Always work in a well-ventilated area. If you are spray painting your car and have a garage to work in, make sure the front sliding door is completely raised and if there are windows, keep them open. Many people choose to work in their garage because of all the dust and other debris blown around outside and that is perfectly okay. However, to reduce the risk of breathing in all those fumes, keep the area well ventilated. If you use a fan, keep it blowing out, not in.

Protective ‘Must Have’ Gear

Don’t go down to the corner drug store or hardware and buy a dust mask. It isn’t going to do you one bit of good in terms of protecting against fumes and vapors. Dust masks are not designed to keep tiny, often microscopic, particles from entering your lungs when you inhale. One top-of-the-line product that is quite affordable are the 3M Respirators that have been designed for maximum filtration but at costs that are extremely affordable. Wear gloves as well because many chemicals can absolutely infiltrate the skin. You may want a protective suit as well, such as DuPont’s Tyvek Suit that many pros use when on a first response HAZMAT call.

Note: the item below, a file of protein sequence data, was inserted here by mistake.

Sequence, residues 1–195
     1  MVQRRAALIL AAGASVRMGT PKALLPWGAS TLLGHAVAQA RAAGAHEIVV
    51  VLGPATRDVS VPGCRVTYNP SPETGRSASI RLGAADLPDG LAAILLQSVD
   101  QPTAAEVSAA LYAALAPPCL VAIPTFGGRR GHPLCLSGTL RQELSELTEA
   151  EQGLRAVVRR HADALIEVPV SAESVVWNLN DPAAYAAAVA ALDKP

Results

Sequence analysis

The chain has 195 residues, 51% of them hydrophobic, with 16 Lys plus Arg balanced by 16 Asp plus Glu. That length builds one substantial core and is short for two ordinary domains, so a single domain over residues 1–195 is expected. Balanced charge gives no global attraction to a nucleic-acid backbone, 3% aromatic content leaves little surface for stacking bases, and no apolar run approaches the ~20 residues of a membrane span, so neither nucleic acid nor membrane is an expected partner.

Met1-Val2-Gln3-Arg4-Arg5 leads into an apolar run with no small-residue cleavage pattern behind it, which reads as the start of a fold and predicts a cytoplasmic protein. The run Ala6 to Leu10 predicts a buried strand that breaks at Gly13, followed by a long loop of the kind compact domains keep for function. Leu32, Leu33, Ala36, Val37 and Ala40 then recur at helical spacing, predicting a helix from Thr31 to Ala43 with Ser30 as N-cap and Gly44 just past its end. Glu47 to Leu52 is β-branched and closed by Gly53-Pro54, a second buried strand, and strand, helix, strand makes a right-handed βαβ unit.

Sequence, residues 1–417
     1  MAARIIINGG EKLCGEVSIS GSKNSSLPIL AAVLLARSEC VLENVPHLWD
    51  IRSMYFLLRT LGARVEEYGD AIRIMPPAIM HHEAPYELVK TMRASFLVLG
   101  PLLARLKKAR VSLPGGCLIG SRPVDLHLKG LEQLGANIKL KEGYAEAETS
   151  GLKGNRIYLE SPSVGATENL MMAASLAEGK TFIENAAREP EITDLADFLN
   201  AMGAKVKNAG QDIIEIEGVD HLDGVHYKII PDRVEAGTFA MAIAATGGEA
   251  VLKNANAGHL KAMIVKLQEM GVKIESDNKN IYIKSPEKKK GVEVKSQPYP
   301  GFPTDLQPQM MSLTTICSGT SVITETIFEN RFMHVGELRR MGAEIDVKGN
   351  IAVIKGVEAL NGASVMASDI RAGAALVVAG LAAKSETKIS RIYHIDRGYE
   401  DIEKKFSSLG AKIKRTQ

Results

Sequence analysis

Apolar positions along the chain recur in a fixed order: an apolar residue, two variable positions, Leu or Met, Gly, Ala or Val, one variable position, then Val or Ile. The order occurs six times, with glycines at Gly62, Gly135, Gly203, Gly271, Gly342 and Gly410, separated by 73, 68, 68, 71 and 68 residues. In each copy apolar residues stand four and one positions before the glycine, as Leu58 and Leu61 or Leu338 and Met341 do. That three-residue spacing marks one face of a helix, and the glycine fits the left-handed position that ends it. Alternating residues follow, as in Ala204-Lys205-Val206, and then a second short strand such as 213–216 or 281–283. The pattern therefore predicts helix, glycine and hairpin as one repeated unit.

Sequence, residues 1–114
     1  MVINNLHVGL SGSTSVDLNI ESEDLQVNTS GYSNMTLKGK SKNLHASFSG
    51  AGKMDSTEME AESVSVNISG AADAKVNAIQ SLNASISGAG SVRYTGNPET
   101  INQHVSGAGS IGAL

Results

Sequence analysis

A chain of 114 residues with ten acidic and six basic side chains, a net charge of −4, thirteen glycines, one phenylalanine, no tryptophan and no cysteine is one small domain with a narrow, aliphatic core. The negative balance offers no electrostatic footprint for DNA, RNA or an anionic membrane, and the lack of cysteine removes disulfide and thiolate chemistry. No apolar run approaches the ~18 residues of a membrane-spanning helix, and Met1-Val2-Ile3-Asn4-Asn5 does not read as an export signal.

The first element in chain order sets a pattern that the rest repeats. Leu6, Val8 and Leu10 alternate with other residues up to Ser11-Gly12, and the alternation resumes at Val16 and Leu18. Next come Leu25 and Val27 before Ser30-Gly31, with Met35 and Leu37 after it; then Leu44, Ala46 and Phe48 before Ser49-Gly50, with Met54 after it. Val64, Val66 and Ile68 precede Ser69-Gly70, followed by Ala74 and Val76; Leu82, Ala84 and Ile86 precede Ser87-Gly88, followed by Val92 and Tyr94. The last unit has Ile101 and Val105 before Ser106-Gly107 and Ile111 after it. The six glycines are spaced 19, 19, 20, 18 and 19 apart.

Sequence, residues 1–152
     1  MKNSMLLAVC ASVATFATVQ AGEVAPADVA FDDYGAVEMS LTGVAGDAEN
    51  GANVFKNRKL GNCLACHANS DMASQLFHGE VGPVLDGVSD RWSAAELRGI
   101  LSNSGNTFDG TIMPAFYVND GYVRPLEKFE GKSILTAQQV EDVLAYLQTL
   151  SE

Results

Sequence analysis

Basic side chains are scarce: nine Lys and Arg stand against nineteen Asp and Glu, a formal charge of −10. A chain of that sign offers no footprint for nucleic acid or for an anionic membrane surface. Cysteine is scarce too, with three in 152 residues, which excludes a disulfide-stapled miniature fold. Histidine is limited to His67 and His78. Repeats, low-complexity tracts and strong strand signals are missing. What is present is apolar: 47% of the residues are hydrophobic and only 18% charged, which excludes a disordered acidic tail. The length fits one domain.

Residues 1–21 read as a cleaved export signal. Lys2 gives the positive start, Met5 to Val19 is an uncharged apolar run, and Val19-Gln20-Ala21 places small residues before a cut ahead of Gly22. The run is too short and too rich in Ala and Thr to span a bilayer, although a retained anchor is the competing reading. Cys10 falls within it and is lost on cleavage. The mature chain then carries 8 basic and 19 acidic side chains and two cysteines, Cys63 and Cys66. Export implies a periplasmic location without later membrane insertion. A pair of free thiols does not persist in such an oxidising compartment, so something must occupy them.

So then, the bottom line is that you need to first think about your lungs and secondly keep contaminants from being absorbed through the skin. Both are equally important and both will help to prevent any dangers to your health that can result from spray painting your car. Yes, you can save a ton of money by doing the labor yourself, but take adequate precautions to guard your health. You have saved nothing if you run up huge medical bills and you surely don’t want to be too ill to enjoy your ‘new’ car!